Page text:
En español | Nursing homes are entering the third week of sequestering their residents to protect them from the fast-spreading coronavirus, and family members physically cut off from their loved ones are increasingly worried about their care and mental health.
Since the first nursing home case in Kirkland, Washington, at least 150 skilled nursing facilities in more than half the states have at least one resident with COVID-19, according to data that the Centers for Medicare & Medicaid Services (CMS) released March 23 and has not updated.
Two leading industry groups and the federal government said in early March that family and friends of residents of any type of senior living community should stay away because some people can have a COVID-19 infection without symptoms. Others may be contagious days before showing symptoms.
"We know that there is a risk that people who appear healthy will enter nursing homes and assisted living communities and still infect residents,” said Mark Parkinson, president and chief executive at the American Health Care Association and National Center for Assisted Living
Amy Johnson of Windom, Minnesota, was able to visit her husband, who has frontotemporal dementia, on March 11 but didn’t make her usual weekend trip a few days later and, like others whose friends and relatives are in lockdown, doesn’t know when she’ll be able to return.
“The timing is hard because I want to be there more frequently because of the decline of the disease,” she says, adding that her husband recently became incontinent. “It’s really scary to have this out there when you have someone who doesn’t know how to be sanitary.”
Other caregivers worry because it has been more about three weeks since they have been allowed to assist staff with the daily care of their loved ones. Wives feed husbands, husbands make sure that their spouses do their physical therapy, and social isolation and depression can be big worries.
"He won't let anybody clip his fingernails or shave him besides me,” Johnson says.
Emergency measures now in place
Both the health care and assisted living trade groups, based in Washington, D.C., had urged family and friends to stay away from senior living communities before the federal government restricted nursing home visits starting March 13 after President Donald Trump declared a national emergency amid the global pandemic.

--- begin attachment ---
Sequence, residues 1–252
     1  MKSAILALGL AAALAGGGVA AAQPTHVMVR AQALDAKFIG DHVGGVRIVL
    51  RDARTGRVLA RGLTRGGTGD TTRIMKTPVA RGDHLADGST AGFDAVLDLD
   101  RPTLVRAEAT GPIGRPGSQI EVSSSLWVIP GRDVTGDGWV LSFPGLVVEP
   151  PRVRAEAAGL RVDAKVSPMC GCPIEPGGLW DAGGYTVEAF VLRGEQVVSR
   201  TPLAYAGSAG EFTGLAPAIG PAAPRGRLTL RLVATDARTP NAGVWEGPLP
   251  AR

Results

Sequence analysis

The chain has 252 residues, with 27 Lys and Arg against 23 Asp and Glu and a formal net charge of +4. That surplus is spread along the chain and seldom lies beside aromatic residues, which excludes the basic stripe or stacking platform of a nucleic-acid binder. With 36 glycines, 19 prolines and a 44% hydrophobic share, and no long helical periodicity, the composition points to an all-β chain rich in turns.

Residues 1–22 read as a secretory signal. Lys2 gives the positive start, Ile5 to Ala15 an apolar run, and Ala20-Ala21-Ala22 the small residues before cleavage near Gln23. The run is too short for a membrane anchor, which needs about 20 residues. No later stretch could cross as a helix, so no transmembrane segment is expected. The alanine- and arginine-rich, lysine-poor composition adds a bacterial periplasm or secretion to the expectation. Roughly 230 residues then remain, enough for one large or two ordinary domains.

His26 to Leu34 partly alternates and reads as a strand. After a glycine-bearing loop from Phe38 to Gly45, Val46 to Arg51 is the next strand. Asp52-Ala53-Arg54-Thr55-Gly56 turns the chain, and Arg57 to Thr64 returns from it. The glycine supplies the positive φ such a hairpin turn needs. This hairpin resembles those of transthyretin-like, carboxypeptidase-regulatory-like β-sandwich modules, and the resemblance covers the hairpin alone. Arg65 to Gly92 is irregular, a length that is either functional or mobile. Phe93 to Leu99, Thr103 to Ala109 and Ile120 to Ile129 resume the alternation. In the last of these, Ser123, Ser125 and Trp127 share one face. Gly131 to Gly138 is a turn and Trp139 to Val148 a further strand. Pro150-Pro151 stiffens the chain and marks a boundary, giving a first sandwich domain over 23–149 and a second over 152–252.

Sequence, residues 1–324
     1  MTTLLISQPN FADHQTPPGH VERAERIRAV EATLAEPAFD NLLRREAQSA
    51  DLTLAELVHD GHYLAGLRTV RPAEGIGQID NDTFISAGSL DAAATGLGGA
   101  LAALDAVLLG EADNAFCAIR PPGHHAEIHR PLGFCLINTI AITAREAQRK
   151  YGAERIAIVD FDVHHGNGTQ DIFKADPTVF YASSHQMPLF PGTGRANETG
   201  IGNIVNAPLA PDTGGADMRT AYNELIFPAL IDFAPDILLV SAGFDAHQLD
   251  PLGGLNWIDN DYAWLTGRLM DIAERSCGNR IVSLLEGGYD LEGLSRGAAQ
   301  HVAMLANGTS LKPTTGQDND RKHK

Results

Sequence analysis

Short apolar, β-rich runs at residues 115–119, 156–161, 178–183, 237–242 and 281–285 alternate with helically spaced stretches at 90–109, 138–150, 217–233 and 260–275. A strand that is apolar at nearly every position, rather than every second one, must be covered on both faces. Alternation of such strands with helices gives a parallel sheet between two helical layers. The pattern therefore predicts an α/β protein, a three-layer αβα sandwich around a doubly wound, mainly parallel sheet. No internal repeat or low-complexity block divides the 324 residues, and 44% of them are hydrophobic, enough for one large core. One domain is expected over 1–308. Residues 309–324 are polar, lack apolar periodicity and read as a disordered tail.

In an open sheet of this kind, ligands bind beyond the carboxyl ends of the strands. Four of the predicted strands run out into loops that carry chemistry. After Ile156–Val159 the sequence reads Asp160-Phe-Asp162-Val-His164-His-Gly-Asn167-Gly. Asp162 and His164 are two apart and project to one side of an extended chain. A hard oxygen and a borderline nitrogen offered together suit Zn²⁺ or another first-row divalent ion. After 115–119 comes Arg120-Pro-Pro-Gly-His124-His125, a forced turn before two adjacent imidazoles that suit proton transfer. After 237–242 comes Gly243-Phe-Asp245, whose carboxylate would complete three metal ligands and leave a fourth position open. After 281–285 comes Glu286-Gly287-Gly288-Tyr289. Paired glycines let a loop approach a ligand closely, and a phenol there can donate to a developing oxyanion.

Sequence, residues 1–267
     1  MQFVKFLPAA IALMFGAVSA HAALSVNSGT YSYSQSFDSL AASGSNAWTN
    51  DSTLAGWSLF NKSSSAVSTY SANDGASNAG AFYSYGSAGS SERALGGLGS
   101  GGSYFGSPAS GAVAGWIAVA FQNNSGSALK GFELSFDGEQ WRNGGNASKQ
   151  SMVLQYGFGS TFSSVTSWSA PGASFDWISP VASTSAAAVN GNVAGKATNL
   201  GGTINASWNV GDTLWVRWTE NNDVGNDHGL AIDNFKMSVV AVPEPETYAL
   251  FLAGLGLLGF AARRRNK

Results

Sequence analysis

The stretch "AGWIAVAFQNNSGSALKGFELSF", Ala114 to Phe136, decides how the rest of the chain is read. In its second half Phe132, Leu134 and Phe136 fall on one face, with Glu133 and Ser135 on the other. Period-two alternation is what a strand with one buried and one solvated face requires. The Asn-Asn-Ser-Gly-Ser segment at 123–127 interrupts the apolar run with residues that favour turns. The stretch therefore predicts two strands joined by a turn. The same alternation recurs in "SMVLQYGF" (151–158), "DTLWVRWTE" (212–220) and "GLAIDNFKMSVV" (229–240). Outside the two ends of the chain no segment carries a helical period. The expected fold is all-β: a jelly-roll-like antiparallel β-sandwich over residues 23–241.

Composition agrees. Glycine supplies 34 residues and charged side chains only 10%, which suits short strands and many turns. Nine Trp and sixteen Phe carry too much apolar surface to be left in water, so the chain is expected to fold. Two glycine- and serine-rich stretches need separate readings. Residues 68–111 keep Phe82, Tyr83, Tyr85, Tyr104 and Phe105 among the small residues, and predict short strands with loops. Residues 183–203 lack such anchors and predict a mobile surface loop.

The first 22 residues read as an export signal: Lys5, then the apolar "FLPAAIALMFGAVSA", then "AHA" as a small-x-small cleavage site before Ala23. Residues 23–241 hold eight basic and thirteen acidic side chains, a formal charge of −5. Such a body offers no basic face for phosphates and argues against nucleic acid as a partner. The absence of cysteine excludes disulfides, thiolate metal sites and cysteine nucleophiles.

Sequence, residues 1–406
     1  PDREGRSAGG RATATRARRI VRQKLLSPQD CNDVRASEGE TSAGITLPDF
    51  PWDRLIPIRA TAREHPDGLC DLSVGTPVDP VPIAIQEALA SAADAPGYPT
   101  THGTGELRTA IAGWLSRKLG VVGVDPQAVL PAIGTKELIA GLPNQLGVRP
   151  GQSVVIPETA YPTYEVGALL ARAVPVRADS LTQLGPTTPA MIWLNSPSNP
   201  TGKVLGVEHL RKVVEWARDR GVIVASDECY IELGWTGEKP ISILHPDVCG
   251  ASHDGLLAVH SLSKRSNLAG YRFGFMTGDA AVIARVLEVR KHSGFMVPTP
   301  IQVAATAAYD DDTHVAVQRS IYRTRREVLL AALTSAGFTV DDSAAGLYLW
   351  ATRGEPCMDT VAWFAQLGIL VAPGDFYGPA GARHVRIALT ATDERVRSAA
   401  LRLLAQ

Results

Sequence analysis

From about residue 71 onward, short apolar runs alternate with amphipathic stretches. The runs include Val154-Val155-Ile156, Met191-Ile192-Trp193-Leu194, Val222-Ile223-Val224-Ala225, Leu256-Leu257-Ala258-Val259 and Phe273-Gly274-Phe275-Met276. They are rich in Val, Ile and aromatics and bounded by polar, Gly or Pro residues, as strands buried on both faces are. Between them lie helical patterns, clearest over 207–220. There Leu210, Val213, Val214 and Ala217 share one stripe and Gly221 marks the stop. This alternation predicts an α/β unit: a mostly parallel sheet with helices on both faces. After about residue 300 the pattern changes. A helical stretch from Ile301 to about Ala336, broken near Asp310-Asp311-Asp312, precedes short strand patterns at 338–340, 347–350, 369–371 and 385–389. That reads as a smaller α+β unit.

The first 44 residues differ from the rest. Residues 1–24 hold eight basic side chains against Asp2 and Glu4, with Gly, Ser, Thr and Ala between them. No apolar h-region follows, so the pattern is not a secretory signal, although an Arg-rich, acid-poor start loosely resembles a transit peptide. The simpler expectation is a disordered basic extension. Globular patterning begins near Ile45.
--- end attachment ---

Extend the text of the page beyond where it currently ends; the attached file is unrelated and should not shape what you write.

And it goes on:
The Department of Veterans Affairs began the isolation strategy March 10 by suspending most new admissions and barring outsiders from all of its 134 nursing homes and 24 spinal cord injury centers. The exception to the no-visitors rule: when a patient is expected to die soon, a guideline now in place at all nursing homes nationwide.
How to reduce infection risk
Residents, staff and visitors all should follow the same basic steps to reduce risk of infection, experts said:
• Wash hands often with soap, for at least 20 seconds. The World Health Organization offers illustrated guidelines.
• Use alcohol-based (with at least 60 percent alcohol) sanitizer if soap is not available
• Avoid touching your eyes, nose and mouth
• Avoid close contact with those who are sick
• Stay at home if you're sick
• Cover your cough or sneeze with tissue and throw the tissue in trash
• Clean and disinfect surfaces such as doorknobs and television remotes with alcohol or with bleach wipes
"The grim reality is that for the elderly, COVID-19 is almost a perfect killing machine,” Parkinson told CNN. “In our facilities the average age is 84, and everyone has underlying medical conditions. So when you combine those factors together, we are dealing with perhaps the greatest challenge that we ever have had."
The government also told nursing home officials to cancel all group activities and communal dining. Residents and staff are being "actively" screened for fever and respiratory problems, according to a CMS memo that did not define the frequency of actively.